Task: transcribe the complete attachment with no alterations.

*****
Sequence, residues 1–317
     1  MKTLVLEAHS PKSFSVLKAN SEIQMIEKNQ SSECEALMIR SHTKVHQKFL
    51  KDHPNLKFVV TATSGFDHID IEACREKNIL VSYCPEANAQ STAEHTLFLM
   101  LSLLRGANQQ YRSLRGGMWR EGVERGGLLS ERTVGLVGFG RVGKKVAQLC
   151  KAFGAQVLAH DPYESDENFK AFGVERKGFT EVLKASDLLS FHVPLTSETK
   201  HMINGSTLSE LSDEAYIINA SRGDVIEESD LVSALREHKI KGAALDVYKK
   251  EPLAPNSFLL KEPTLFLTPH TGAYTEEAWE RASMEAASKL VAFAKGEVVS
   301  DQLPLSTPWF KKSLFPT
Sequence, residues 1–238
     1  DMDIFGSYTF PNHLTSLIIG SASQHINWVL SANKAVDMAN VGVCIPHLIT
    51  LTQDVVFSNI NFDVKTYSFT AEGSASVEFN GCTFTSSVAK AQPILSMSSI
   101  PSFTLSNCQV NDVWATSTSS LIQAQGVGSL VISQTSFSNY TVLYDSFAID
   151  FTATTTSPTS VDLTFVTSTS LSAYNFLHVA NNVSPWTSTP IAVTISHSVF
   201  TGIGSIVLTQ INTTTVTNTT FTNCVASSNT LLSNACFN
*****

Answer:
Sequence, residues 1–317
     1  MKTLVLEAHS PKSFSVLKAN SEIQMIEKNQ SSECEALMIR SHTKVHQKFL
    51  KDHPNLKFVV TATSGFDHID IEACREKNIL VSYCPEANAQ STAEHTLFLM
   101  LSLLRGANQQ YRSLRGGMWR EGVERGGLLS ERTVGLVGFG RVGKKVAQLC
   151  KAFGAQVLAH DPYESDENFK AFGVERKGFT EVLKASDLLS FHVPLTSETK
   201  HMINGSTLSE LSDEAYIINA SRGDVIEESD LVSALREHKI KGAALDVYKK
   251  EPLAPNSFLL KEPTLFLTPH TGAYTEEAWE RASMEAASKL VAFAKGEVVS
   301  DQLPLSTPWF KKSLFPT
Sequence, residues 1–238
     1  DMDIFGSYTF PNHLTSLIIG SASQHINWVL SANKAVDMAN VGVCIPHLIT
    51  LTQDVVFSNI NFDVKTYSFT AEGSASVEFN GCTFTSSVAK AQPILSMSSI
   101  PSFTLSNCQV NDVWATSTSS LIQAQGVGSL VISQTSFSNY TVLYDSFAID
   151  FTATTTSPTS VDLTFVTSTS LSAYNFLHVA NNVSPWTSTP IAVTISHSVF
   201  TGIGSIVLTQ INTTTVTNTT FTNCVASSNT LLSNACFN